I got to “drive” a pack of huskies around a circuit. “Drive” as in control the speed, but the dogs knew where they were going so steering was unnecessary. I wanted more, a full 3 day trip or something. I was a bit disappointed not to be able to go on a full on safari with them and build igloos to stay overnight and almost as jealous as what

Going solo meant that you didn’t have to tag them someone for controlling the sled, but as the “sled-master”, you are forbidden to take photos. So the only photos I have are from the tour guide who didn’t know how to use my camera.



One of the few other things that was happening in mid-November was a night time snowmobiling through the forest in search of the Northern Lights. It also happened to be the night that was the coldest during my stay in Rovaniemi with the temperature out in the woods -22°c and -18°c in the city. Due to the extreme cold, it was a brutal taste of how things can get in the wilderness. We had only the lights on our snowmobiles and the moonlight to get around.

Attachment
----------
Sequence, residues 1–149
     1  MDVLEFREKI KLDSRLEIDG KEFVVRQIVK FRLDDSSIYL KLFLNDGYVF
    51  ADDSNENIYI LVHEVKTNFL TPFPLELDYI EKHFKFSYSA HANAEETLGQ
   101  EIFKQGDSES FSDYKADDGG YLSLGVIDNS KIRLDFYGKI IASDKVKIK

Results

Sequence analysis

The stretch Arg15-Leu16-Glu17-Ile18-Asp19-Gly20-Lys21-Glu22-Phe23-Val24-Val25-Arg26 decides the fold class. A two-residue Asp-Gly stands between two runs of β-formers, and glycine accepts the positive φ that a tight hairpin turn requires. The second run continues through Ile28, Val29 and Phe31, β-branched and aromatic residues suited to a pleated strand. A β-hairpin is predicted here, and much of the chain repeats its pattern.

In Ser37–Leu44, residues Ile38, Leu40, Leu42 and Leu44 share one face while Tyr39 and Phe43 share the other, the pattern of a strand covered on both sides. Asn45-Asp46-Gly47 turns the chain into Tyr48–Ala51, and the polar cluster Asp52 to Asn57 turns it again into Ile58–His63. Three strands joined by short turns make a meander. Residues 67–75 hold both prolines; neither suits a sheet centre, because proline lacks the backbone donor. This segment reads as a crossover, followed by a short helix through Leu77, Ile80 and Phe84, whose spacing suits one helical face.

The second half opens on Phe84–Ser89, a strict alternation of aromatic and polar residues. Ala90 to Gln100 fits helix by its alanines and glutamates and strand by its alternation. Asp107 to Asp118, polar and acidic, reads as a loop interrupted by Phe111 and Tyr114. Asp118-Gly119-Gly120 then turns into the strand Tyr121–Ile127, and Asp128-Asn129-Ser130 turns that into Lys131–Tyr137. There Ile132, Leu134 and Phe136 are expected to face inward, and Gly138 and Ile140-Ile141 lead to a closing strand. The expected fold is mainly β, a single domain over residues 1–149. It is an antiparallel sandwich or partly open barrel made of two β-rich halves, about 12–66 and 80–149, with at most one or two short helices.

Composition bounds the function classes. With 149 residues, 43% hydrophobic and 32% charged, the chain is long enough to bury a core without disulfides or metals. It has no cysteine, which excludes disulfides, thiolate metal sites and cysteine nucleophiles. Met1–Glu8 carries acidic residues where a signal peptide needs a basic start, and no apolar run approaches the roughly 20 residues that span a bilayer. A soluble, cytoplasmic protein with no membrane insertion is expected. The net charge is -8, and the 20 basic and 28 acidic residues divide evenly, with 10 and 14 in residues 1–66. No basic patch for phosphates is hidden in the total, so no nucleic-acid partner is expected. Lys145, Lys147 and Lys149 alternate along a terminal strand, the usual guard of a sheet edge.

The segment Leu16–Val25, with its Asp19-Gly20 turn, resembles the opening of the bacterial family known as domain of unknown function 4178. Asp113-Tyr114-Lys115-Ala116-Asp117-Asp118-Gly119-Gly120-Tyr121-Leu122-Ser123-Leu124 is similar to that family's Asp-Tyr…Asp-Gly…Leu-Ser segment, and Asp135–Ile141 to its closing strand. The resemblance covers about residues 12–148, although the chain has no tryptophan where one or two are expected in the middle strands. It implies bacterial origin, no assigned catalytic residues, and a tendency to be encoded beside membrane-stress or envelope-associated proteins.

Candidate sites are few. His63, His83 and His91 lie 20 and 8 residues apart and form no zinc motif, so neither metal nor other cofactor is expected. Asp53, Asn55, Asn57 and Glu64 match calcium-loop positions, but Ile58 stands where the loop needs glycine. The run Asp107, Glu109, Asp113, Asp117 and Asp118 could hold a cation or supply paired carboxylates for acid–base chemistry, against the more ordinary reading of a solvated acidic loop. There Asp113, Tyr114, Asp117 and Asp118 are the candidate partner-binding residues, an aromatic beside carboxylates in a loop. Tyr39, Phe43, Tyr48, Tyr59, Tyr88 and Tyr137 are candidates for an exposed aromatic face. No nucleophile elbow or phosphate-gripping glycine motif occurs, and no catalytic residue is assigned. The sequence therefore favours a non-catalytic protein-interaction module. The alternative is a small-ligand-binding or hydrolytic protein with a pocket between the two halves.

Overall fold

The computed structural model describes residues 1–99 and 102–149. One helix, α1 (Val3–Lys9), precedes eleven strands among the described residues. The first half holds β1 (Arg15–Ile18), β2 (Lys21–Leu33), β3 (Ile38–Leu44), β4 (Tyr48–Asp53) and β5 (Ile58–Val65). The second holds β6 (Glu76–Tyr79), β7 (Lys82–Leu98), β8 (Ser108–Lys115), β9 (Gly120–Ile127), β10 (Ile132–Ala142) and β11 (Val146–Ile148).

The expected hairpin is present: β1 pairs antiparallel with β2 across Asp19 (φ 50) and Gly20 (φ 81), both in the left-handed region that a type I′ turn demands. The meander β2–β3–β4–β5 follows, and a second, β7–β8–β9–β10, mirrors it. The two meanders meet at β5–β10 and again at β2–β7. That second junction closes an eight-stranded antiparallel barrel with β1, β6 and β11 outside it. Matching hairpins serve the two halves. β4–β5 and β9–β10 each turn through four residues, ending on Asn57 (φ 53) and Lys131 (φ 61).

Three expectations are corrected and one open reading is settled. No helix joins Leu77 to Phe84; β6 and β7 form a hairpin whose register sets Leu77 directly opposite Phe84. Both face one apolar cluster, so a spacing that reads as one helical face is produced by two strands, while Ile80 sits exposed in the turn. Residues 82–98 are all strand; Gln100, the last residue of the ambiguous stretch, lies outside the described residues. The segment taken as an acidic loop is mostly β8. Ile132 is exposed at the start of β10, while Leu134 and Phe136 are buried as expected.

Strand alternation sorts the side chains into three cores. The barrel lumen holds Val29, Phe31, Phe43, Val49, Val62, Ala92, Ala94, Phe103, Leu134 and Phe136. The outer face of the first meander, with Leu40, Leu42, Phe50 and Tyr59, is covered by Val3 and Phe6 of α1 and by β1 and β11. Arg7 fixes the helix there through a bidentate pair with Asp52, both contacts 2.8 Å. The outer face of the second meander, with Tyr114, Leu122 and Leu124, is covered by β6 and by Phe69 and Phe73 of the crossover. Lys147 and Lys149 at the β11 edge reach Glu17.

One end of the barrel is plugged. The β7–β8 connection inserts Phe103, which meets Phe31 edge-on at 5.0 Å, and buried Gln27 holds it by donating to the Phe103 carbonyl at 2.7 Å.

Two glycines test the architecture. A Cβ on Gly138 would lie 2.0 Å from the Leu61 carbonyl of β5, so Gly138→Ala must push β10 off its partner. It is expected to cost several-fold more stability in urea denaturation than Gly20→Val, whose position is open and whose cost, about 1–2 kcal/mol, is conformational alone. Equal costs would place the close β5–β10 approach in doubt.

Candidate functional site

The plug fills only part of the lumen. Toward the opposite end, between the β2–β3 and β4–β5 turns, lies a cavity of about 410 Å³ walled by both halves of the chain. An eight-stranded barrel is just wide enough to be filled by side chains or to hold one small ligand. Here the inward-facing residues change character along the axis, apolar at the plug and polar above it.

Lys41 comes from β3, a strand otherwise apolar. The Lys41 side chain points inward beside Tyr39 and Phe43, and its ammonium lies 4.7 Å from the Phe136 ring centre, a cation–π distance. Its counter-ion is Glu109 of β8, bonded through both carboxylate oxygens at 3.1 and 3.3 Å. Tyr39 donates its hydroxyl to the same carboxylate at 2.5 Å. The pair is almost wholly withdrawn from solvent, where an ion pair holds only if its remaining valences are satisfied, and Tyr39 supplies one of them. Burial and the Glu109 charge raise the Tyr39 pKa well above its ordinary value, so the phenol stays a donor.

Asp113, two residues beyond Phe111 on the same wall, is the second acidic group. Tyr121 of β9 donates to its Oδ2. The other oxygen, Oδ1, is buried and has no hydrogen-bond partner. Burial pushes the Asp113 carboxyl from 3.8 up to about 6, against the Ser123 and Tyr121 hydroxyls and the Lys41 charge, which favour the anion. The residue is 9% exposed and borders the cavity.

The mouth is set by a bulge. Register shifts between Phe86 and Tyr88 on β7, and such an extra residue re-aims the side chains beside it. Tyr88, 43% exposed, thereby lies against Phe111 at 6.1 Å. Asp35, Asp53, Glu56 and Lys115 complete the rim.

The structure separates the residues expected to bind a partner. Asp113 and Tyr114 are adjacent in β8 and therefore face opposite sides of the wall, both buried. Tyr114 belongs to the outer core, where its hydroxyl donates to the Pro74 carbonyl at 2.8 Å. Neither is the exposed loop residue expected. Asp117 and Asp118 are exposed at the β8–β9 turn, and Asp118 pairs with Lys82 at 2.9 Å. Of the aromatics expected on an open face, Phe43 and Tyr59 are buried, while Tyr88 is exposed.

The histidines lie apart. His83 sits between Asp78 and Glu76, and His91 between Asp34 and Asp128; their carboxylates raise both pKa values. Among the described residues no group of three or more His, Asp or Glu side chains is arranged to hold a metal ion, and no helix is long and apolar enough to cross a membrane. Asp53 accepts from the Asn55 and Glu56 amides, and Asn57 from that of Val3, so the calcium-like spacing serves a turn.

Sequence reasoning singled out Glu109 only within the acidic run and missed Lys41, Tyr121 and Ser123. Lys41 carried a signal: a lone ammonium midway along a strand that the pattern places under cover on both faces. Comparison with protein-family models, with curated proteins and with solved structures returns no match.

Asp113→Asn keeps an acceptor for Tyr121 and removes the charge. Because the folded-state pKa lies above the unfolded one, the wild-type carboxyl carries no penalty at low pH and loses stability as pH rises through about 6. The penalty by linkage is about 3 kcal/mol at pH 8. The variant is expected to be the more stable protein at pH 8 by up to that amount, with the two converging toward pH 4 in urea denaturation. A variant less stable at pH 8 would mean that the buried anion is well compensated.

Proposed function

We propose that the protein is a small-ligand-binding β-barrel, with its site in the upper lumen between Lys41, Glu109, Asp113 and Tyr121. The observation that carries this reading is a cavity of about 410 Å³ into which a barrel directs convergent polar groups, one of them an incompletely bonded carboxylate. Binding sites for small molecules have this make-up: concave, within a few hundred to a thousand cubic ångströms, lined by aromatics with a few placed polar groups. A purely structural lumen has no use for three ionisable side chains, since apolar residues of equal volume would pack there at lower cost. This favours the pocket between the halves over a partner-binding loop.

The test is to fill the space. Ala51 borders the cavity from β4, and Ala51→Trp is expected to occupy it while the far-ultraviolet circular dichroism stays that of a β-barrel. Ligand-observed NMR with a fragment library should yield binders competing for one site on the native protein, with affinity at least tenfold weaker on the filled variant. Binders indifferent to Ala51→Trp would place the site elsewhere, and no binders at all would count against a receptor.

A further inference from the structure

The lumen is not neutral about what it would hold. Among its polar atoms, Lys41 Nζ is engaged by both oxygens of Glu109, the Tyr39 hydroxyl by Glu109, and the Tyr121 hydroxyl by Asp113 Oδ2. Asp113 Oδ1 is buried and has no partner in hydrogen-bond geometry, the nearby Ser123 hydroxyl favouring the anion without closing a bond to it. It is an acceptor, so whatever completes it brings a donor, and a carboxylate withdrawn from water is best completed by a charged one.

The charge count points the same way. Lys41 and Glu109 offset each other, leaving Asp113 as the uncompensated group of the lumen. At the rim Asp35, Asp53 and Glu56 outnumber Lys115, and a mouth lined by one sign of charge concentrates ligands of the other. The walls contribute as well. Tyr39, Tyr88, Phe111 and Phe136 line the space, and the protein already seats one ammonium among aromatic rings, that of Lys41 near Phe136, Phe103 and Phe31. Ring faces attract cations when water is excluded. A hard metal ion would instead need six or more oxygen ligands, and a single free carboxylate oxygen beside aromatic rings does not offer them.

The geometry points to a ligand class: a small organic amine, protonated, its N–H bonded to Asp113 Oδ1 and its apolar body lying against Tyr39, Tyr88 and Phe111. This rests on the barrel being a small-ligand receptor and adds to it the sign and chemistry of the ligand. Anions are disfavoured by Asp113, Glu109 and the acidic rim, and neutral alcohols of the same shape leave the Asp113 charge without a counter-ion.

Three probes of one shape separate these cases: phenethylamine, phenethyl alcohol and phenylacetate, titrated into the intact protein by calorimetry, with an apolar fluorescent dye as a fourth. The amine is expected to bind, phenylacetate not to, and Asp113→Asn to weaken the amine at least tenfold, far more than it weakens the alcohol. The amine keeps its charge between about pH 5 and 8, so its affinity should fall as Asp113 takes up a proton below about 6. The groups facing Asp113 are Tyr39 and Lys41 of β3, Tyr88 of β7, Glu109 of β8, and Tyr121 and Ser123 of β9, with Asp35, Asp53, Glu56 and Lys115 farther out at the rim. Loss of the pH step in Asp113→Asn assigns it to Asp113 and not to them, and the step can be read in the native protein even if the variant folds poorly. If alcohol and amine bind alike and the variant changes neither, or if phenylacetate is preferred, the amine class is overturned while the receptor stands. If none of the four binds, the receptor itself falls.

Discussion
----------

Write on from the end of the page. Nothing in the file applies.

With the rain that had fallen a few days prior and the sudden drop in temperature, the tracks were difficult to get around as much of the water had turned to ice with a thin layer of snow on top.

This was again, something I wished I could do over a week long safari trip of some sort. Just as, I was getting a good feel for the vehicle, it was time to head back. There was no activity for the Northern Lights this evening, but we did eat some food on a open fire beside a frozen lake. Here’s a photo taken at 25 sec exposure in pitch black conditions.



Saunas are part of Finnish life, you cannot experience Finland with getting naked in a sauna at some point. Due to promising to run around naked if the temperature dropped below 15°c, it just so happened that the day when this first happened was the day we got into the saunas.

Nothing can prepare you for that first touch of ice on your body after being in a boiling sauna

Although traditional you are suppose to go to saunas naked, I was with a big group of exchange students from all over Europe and none of us understood the Finnish customs. We did religiously have beer whilst in the saunas as per Finnish tradition. That was a great way to burn your lips on the edge of the can. Perhaps that combination is the only way to explain my semi-naked-towel-wearing elbow lever on a rubbish bin out in the -15°c temperature.